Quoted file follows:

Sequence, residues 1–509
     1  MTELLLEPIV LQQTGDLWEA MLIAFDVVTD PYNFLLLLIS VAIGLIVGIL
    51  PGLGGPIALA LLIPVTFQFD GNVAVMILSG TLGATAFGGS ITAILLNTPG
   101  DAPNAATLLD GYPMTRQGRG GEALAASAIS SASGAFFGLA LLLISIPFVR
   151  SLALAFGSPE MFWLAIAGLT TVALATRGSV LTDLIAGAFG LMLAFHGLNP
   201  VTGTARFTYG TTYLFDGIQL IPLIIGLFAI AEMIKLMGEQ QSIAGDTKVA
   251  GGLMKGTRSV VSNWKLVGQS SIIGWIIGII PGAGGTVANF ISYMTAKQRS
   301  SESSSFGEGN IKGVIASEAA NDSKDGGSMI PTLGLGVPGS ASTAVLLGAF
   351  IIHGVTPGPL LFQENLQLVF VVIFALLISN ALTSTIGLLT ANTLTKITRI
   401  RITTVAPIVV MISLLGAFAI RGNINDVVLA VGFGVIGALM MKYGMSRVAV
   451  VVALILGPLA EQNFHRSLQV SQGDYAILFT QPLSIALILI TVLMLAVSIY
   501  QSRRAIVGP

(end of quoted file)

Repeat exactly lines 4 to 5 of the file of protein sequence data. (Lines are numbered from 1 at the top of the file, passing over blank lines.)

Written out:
   101  DAPNAATLLD GYPMTRQGRG GEALAASAIS SASGAFFGLA LLLISIPFVR
   151  SLALAFGSPE MFWLAIAGLT TVALATRGSV LTDLIAGAFG LMLAFHGLNP